Typical Value Chain for a Manufactured Product

Raw Materials

Primary Manufacturing


Product Producer



Source: Suggested by J. R. Galbraith, “Strategy and Organization Planning,” in The Strategy Process: Concepts, Contexts, Cases, 2nd ed., edited by H. Mintzberg and J. B. Quinn (Englewood Cliffs, N.J.: Prentice Hall, 1991), p. 316.

Corporate Value Chain
Firm Infrastructure (general management, accounting, finance, strategic planning) Human Resource Management (recruiting, training, development) Technology Development (R&D, product and process improvement) Procurement (purchasing of raw materials, machines, supplies)
Inbound Logistics (raw materials handling and warehousing) Operations (machining, assembling, testing) Outbound Logistics (warehousing and distribution of finished product) Marketing and Sales (advertising, promotion, pricing, channel relations) Service (installation, repair, parts)

Support Activities

Profit Margin
Source: Adapted/re printed with the permission of the The Free Press, an imprint of Simon & Schuster, from Competitive Advantage: Creating and Sustaining Superior Performance by Michael E. Porter, p. 37. Copyright © 1985 by Michael E. Porter.

Primary Activities

Corporate Value Chain Analysis
Examine each product line’s value chain in terms of the various activities involved in producing that product or service (strengths, weaknesses) 2. Examine the linkages within each product line’s value chain 3. Examine the potential synergies among the value chains of different product lines or business units (economies of scale, economies of scope)

Scanning Functional Resources and Capabilities
     

Basic organizational Structures: Simple structure Functional structure Divisional structure Strategic business unit Conglomerate structure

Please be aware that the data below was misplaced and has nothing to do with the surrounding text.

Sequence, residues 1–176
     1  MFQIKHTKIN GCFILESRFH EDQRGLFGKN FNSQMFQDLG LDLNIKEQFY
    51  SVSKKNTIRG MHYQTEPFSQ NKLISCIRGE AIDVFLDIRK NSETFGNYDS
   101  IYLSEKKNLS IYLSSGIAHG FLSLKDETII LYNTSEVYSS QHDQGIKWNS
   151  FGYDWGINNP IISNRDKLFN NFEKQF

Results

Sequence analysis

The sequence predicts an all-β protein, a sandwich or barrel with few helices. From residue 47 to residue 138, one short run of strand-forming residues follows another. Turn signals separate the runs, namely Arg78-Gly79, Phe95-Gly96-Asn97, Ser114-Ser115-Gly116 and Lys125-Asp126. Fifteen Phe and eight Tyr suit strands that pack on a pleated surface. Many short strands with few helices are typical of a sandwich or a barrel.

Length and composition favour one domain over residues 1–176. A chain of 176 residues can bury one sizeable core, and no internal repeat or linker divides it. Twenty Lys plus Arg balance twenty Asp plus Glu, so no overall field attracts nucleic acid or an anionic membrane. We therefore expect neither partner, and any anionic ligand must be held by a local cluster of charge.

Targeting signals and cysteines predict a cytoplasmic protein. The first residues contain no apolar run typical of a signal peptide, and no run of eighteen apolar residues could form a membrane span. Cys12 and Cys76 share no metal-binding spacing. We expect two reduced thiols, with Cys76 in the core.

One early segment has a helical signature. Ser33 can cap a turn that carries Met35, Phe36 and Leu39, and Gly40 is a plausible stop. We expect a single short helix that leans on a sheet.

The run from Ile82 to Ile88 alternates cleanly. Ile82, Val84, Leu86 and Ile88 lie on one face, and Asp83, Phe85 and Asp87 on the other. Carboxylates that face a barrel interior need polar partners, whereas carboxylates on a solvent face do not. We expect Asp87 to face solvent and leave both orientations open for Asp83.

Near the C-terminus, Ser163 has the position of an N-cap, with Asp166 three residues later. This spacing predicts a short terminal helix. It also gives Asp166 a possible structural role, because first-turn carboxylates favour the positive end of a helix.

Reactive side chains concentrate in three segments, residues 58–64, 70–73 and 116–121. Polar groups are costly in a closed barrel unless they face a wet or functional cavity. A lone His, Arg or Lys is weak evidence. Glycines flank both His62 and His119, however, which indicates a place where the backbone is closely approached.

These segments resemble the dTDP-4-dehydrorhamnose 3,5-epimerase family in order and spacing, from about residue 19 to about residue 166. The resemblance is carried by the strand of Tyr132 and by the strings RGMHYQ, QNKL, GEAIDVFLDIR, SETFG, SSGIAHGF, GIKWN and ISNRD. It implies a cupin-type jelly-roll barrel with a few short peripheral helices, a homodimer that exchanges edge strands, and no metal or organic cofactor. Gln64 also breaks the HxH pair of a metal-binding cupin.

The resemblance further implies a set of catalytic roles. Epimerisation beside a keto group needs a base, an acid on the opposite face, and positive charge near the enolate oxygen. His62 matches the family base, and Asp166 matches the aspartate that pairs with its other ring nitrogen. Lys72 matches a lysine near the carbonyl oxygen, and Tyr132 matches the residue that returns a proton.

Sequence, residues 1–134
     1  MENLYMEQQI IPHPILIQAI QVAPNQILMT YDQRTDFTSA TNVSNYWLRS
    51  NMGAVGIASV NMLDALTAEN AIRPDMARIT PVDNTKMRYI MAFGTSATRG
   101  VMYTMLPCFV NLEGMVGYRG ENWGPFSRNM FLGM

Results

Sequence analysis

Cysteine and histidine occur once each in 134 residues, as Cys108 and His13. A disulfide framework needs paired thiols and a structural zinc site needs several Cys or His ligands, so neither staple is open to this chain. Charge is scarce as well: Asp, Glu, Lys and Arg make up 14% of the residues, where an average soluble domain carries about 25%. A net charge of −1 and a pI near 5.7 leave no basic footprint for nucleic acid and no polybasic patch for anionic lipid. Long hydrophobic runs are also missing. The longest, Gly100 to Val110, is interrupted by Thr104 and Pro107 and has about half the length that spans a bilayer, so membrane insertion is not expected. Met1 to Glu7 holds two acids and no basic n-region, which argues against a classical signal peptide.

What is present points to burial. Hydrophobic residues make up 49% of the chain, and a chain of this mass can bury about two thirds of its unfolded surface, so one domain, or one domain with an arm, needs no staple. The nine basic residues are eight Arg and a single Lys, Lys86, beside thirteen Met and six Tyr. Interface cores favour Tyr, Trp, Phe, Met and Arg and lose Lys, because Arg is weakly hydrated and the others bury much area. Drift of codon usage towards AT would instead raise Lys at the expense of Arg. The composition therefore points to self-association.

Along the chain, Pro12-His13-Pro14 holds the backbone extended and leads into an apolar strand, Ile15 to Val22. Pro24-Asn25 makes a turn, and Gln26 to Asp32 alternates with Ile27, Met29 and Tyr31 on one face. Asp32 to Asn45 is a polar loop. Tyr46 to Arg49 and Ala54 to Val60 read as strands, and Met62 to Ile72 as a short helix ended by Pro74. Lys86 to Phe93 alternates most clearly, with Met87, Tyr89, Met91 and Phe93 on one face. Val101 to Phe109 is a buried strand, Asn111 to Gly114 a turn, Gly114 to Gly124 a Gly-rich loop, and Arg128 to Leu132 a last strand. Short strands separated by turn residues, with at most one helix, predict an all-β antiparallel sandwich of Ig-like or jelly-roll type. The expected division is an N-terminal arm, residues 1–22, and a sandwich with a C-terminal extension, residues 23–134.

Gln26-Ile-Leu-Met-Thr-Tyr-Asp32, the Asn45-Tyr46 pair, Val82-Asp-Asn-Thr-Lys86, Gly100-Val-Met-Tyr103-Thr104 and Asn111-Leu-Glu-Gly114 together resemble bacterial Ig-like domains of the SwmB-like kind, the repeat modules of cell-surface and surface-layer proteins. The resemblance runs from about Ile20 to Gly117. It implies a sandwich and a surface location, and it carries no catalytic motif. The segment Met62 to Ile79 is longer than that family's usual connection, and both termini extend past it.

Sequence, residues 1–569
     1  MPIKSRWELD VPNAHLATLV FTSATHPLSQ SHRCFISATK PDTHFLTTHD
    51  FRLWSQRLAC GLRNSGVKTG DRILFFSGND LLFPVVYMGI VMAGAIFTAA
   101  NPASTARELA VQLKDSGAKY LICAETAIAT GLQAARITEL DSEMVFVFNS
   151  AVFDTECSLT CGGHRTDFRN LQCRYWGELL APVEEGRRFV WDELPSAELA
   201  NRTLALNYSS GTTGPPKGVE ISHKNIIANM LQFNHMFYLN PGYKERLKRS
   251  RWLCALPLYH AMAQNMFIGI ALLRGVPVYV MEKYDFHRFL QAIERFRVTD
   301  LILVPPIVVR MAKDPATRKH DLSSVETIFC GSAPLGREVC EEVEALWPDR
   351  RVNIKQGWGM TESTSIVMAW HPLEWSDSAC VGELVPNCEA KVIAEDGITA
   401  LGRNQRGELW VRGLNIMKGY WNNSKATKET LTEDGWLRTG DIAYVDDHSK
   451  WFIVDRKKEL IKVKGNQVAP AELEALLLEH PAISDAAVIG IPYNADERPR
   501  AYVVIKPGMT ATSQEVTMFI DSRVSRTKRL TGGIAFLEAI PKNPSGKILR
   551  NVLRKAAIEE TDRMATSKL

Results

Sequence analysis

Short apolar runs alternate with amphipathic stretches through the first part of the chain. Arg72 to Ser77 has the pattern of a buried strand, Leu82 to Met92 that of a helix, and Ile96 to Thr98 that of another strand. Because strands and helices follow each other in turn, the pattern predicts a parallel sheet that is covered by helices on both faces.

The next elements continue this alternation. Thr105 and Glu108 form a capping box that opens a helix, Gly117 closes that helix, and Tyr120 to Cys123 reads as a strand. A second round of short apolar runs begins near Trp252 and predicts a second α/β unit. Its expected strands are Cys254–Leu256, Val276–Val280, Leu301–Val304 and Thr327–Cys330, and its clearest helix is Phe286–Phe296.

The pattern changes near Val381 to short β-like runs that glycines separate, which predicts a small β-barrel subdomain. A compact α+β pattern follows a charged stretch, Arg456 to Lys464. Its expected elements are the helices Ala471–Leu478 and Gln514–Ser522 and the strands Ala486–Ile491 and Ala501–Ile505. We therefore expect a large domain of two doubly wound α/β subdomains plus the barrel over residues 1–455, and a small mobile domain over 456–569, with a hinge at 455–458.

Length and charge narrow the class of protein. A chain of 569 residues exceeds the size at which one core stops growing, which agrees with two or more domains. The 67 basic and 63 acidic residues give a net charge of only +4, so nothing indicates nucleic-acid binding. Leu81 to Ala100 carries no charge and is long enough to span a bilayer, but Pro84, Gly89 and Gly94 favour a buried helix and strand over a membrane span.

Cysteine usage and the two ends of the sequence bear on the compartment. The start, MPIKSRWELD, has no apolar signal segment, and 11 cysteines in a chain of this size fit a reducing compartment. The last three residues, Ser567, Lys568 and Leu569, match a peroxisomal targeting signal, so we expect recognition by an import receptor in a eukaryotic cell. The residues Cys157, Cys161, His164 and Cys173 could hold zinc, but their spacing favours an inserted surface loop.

Basic Structures of Corporations: Simple and Functional
I. Simple Structure Owner-Manager Workers II. Functional Structure Top Management






Basic Structures of Corporations: Divisional (Fig. 4.4)

Basic Structures of Corporations: Divisional
III. Divisional Structure* Top Management

Product Division A

Product Division B









*Conglomerate structure is a variant of the division structure.

4.8 Strategic Business Unit

Strategic Business Unit
Independent product-market unit with:

1. 2. 3. 4.

Unique mission Identifiable competitors External market focus Control of its business functions

Conglomerate Structure

Appropriate for a large corporation with many product lines in several unrelated industries Called holding company structure

Corporate Culture : the company way

 

Is the collection of beliefs, expectations, and values learned and shared by a corporations’ members and transmitted from one generation of employees to another It gives a company a sense of identity The culture includes the dominant orientation of the company It can include informal work rules or work practices that become part of the company’s tradition

4.9 Attributes of Corporate Culture

Attributes of Corporate Culture

Intensity : the degree to which members of a unit accept the norms, values, or other content of the unit culture, which lead to consistent behavior Integration : the degree to which units throughout the organization share a common culture (culture breadth)


Functions of Corporate Culture

Functions of Corporate Culture